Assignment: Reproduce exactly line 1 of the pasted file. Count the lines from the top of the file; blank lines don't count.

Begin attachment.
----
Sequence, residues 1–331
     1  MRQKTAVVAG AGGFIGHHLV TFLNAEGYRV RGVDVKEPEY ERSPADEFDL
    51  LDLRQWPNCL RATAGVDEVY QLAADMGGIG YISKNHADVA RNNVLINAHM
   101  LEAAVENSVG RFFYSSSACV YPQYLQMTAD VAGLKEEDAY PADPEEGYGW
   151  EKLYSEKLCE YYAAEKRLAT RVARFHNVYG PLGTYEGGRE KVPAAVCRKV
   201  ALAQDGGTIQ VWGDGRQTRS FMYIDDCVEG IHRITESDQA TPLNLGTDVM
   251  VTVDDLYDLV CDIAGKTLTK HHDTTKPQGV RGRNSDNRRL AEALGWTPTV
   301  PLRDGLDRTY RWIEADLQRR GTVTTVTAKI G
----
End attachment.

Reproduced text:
Sequence, residues 1–331